As discussed in the previous article, a strawberry tongue may be caused by a number of different factors. And, one such cause is the “scarlet fever”, which is an infectious disease that causes the tongue to take the form of an enlarged strawberry. In case, an individual suffers from a high fever and develops unusual redness of the tongue, the doctor should be consulted immediately. Scarlet fever requires antibiotic use for successful treatment.
Another cause of this tongue problem is the Kawasaki syndrome, which is a common disease among children who are less than 5 years old. This condition has effects on the blood vessels, thereby leading to the development of a strawberry tongue. As the condition becomes severe, the patient develops inflammation and redness in the feet and hands.
Black Hairy Tongue: What Causes the Condition?
This condition often makes people uncomfortable about their appearance, but it’s not considered extremely serious. The tiny bumps on the tongue’s surface continue growing throughout one’s lifetime. At times, these bumps become unusually long, instead of being worn down by regular chores. This results in increased buildup of bacteria in the mouth. With the growth of these bacteria, the tongue may appear dark with the overgrown bumps appearing hair-like.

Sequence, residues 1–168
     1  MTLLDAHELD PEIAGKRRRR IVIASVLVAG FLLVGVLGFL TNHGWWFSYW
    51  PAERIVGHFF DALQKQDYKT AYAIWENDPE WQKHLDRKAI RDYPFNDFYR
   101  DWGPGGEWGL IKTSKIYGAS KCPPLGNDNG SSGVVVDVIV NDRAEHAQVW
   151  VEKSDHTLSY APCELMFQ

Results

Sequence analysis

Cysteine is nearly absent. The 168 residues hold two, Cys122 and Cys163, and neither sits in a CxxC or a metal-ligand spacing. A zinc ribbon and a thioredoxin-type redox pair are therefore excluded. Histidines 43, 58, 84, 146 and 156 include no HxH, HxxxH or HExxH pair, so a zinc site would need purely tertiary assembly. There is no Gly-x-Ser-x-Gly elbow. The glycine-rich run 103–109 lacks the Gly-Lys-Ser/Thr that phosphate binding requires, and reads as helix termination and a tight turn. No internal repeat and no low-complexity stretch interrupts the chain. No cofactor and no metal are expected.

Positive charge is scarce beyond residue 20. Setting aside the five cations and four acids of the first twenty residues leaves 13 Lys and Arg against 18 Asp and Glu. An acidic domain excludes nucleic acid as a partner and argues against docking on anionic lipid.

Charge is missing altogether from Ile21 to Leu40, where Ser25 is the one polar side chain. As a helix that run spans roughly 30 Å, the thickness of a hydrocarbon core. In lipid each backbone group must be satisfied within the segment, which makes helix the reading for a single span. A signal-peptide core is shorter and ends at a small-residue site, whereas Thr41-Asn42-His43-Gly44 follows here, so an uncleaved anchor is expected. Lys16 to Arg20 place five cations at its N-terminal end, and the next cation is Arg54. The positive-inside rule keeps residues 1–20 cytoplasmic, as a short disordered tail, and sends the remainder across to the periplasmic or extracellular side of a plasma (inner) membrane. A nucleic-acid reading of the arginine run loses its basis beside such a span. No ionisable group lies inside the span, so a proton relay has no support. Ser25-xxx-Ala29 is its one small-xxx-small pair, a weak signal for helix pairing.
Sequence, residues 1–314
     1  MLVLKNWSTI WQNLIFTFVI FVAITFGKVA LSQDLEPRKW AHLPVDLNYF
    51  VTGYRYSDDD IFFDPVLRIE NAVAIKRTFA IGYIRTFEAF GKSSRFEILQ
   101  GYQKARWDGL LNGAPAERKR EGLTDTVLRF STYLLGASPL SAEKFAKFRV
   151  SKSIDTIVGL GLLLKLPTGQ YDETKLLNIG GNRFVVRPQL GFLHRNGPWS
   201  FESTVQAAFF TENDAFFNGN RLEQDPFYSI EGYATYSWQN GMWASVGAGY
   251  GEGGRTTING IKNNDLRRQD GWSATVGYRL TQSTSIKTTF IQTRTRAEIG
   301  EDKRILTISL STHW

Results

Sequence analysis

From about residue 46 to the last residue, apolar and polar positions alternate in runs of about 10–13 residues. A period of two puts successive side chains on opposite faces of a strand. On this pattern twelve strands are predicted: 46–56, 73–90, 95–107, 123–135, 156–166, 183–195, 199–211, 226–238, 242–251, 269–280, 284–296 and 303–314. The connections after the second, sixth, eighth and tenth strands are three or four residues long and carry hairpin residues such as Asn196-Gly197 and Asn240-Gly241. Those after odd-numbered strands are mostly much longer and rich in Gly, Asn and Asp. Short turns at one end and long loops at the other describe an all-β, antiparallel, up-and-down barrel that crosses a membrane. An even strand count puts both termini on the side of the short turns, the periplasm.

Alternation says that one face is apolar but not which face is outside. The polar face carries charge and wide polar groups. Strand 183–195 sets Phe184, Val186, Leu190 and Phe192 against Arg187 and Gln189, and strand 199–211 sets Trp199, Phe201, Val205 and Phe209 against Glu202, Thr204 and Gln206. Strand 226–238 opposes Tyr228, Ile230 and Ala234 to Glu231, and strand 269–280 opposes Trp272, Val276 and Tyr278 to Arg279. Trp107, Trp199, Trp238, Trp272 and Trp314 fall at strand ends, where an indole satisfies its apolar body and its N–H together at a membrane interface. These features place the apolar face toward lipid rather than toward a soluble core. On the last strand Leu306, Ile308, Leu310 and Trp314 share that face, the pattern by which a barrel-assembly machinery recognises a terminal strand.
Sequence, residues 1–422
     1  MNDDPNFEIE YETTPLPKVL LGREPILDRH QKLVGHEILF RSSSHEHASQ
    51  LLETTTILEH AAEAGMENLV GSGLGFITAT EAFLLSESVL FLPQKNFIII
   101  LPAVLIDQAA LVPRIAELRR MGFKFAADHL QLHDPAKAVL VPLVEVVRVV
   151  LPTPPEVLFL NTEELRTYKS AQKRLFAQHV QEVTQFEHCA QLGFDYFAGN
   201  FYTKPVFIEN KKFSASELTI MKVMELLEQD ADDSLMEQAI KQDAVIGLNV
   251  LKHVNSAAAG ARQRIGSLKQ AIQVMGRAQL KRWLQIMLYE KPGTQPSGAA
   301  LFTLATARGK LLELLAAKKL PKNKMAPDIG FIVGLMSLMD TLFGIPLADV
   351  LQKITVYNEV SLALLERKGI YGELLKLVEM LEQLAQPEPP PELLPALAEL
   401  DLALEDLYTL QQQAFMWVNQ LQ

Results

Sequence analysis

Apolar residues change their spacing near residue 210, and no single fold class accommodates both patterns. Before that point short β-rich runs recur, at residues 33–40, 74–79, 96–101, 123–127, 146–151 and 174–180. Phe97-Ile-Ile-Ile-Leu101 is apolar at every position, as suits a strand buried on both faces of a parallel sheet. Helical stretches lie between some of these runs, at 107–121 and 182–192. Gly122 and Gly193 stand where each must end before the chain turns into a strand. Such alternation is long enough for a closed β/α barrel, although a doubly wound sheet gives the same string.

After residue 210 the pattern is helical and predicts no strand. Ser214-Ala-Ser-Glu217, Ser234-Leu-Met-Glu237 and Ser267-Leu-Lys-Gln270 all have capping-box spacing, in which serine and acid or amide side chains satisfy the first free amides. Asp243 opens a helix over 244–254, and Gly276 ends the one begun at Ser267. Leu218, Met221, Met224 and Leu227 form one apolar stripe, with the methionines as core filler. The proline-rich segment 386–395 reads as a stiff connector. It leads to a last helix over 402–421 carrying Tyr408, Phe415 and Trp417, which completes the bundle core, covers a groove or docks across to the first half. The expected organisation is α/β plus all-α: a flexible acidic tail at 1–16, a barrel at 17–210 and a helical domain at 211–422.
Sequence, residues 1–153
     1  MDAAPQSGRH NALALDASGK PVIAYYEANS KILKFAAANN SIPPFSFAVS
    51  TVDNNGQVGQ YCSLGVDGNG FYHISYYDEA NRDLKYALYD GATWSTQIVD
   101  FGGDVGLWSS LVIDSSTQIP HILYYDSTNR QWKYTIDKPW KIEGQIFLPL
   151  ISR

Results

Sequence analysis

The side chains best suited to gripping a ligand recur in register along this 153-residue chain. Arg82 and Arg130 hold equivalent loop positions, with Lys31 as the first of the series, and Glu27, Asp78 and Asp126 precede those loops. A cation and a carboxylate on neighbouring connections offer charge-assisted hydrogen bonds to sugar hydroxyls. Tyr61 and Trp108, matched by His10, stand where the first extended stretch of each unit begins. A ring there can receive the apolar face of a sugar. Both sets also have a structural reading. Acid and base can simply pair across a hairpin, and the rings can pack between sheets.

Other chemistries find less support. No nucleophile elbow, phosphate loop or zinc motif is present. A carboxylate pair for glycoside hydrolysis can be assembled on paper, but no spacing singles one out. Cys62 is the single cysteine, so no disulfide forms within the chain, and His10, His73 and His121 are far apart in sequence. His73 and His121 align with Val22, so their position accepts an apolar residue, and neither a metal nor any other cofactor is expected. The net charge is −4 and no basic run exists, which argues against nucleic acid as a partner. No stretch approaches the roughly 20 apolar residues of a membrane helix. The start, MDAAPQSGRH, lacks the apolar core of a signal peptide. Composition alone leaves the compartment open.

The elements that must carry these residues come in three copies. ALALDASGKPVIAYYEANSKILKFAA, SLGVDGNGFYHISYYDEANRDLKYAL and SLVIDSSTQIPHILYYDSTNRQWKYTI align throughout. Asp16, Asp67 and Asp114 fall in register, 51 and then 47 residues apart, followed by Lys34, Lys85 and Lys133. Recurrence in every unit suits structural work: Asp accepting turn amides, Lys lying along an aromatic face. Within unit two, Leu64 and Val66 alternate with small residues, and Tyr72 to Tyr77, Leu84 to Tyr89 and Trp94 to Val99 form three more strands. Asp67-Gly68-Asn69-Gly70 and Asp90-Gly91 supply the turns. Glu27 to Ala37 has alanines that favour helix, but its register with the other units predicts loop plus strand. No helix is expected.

Having a black hairy tongue isn’t a common condition and typically occurs in individuals who don’t practice proper oral hygiene. Individuals who consume antibiotics or diabetics may also develop this condition.
So, What’s the Cause?
The condition may result from a number of different factors, which include:
If you bite your tongue accidentally or scald it on a very hot object, you may develop a sore tongue until complete healing is done. Teeth grinding or clenching may also cause irritation of the tongue’s side, making the condition more painful.
Smoking is yet another factor that can cause this condition.
Some people develop mouth ulcers on their tongue. While the cause isn’t known, the condition can become worse during times of stress.
Burning Tongue Syndrome
Postmenopausal women experience this condition. This syndrome is characterized by burning sensation in the tongue.
Irritation or swelling of taste buds causes painful bumps on the tongue.
People with medical problems like anemia as well as diabetes develop a sore tongue.